Published on : Thursday, November 12, 2020
Cabo Verde is known as “off the beaten path” – whatever that means. In reality, this tiny country of 10 islands has featured since the 15th century, when Portuguese sailors first stopped in the uninhabited archipelago.
In the last few decades, Cabo Verde, 600 kilometers off the west coast of Africa has come into the fore with regard to tourism, experiencing economic growth with few resources and little wealth. It has moved from a “least developed country” (LDC) status to “developing” in 2007, with a decrease in poverty, marking an annual growth rate of 5.7% in 2019.
“For Cabo Verde, 25% of the GDP is tourism, and we depend on it,” said Francisco Martins, the National Director for Tourism at the Ministry of Tourism and Transport.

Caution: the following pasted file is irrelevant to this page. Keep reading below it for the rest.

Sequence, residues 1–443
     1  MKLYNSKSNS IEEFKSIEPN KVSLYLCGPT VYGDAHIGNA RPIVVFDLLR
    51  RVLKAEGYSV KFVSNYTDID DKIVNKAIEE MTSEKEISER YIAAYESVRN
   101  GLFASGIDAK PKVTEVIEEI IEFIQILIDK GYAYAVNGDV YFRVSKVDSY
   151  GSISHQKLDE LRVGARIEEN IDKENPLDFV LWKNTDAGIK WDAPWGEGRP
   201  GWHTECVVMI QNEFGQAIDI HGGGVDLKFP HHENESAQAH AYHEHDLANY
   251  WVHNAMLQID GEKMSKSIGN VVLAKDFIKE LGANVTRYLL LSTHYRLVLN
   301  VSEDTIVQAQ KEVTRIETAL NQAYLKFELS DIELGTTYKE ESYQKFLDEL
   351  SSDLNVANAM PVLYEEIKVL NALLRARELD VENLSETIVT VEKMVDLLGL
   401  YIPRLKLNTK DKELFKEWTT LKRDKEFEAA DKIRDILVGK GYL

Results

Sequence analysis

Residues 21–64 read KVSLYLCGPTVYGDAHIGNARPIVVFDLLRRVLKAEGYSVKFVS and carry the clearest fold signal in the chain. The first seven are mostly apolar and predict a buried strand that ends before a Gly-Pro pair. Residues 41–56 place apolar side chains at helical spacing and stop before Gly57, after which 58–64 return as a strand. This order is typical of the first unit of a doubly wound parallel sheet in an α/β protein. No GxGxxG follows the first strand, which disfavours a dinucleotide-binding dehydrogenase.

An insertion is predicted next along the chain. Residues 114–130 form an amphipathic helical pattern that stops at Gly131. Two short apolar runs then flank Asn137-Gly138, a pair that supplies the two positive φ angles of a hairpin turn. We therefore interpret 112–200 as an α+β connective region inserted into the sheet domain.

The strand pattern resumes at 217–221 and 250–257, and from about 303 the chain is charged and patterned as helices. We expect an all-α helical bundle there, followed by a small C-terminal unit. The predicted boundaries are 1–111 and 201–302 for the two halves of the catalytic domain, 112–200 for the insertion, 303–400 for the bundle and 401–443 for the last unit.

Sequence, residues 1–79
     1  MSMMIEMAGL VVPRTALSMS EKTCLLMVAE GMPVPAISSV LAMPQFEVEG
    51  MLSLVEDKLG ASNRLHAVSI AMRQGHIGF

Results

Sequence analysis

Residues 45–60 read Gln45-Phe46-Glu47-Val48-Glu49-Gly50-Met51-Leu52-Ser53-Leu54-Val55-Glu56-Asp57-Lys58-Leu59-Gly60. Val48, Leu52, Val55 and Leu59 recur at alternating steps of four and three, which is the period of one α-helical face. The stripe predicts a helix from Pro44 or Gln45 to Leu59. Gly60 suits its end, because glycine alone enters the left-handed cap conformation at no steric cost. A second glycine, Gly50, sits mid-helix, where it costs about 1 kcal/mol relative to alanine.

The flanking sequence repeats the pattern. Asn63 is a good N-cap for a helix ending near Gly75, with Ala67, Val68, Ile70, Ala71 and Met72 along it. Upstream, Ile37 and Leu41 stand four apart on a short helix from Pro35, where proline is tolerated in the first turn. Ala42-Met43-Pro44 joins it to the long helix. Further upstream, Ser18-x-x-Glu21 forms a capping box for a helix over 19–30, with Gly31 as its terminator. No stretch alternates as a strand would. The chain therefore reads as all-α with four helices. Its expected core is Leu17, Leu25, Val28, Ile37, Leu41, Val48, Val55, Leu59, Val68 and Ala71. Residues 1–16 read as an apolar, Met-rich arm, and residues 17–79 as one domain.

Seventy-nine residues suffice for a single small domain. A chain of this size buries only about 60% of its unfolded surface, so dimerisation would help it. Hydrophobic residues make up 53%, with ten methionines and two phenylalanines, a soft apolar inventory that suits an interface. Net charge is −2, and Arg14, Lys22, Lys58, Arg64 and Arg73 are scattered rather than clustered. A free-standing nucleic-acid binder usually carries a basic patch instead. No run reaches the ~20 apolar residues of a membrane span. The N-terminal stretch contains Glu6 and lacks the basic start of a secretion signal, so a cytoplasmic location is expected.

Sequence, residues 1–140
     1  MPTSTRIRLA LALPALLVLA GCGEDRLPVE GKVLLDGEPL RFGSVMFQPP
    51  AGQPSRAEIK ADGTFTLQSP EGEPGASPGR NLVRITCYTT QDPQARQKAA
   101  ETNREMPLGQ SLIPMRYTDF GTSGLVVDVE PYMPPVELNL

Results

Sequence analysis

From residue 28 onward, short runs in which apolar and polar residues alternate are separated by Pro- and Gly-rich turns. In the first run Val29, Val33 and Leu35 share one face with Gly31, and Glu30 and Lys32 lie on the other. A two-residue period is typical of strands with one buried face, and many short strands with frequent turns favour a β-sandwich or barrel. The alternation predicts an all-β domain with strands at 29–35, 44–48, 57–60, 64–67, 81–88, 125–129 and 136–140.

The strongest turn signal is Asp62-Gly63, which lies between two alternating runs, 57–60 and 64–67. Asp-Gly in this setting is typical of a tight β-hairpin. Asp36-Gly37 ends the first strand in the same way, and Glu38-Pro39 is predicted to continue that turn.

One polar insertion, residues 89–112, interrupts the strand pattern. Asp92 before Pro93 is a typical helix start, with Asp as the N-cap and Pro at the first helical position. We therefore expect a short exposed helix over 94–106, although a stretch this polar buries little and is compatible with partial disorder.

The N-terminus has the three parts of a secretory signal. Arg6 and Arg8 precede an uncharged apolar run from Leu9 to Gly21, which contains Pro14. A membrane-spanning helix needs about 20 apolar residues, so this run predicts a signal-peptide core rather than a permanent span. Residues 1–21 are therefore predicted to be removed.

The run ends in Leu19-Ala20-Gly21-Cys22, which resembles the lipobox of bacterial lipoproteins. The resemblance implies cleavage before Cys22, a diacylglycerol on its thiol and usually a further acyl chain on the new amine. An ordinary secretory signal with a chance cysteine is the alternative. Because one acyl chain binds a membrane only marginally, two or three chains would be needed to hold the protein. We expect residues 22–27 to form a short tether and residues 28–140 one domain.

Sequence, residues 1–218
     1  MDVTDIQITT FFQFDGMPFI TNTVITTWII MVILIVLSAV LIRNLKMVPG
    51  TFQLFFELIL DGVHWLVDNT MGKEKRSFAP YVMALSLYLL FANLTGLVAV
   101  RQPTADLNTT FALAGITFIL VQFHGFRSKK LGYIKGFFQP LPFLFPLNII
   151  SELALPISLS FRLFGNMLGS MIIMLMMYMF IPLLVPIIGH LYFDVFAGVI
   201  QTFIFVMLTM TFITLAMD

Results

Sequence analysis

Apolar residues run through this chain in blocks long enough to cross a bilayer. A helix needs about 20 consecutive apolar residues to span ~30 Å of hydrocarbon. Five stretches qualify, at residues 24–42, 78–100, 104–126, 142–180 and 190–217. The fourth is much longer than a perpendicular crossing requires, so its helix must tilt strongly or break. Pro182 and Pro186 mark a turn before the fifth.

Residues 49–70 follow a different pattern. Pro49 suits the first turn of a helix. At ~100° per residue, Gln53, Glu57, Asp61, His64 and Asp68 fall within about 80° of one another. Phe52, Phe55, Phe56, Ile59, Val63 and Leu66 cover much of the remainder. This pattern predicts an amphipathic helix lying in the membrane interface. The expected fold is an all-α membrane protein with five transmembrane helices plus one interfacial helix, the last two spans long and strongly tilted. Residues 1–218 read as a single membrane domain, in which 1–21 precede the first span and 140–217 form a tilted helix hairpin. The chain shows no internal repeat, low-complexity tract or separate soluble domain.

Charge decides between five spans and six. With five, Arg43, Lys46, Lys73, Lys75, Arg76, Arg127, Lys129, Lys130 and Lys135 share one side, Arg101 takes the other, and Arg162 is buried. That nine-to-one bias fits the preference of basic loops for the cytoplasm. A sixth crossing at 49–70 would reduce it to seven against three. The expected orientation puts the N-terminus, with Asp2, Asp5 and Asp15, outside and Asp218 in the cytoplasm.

Martins said, “Our situation was good and we ended 2019 with very good macroeconomic indicators. We were looking to tourism to drive the Cabo Verde economy while looking to spread tourism from the two main islands to others. But since COVID, from March nothing has happened, there has been no activity.”
Cabo Verde slowly started resuming tourism a few weeks ago, and is considering diversifying both its tourism sector and trade.
Having graduated from LDC more than a decade ago, EIF support to Cabo Verde has been phased out, along with other resources from development partners.
Tags: Cabo Verde